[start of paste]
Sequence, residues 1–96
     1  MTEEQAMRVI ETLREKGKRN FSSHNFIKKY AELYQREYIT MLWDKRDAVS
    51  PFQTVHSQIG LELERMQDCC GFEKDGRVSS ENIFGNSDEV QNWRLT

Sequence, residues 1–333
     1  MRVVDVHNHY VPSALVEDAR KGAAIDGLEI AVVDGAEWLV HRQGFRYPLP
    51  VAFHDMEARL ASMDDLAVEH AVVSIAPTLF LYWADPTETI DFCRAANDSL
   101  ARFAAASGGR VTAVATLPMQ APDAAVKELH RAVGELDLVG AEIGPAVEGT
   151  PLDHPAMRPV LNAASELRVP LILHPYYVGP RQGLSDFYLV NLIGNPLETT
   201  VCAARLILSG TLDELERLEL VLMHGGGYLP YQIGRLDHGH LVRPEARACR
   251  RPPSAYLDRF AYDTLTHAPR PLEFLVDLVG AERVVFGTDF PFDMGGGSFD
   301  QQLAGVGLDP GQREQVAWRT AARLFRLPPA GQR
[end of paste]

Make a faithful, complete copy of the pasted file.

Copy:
Sequence, residues 1–96
     1  MTEEQAMRVI ETLREKGKRN FSSHNFIKKY AELYQREYIT MLWDKRDAVS
    51  PFQTVHSQIG LELERMQDCC GFEKDGRVSS ENIFGNSDEV QNWRLT

Sequence, residues 1–333
     1  MRVVDVHNHY VPSALVEDAR KGAAIDGLEI AVVDGAEWLV HRQGFRYPLP
    51  VAFHDMEARL ASMDDLAVEH AVVSIAPTLF LYWADPTETI DFCRAANDSL
   101  ARFAAASGGR VTAVATLPMQ APDAAVKELH RAVGELDLVG AEIGPAVEGT
   151  PLDHPAMRPV LNAASELRVP LILHPYYVGP RQGLSDFYLV NLIGNPLETT
   201  VCAARLILSG TLDELERLEL VLMHGGGYLP YQIGRLDHGH LVRPEARACR
   251  RPPSAYLDRF AYDTLTHAPR PLEFLVDLVG AERVVFGTDF PFDMGGGSFD
   301  QQLAGVGLDP GQREQVAWRT AARLFRLPPA GQR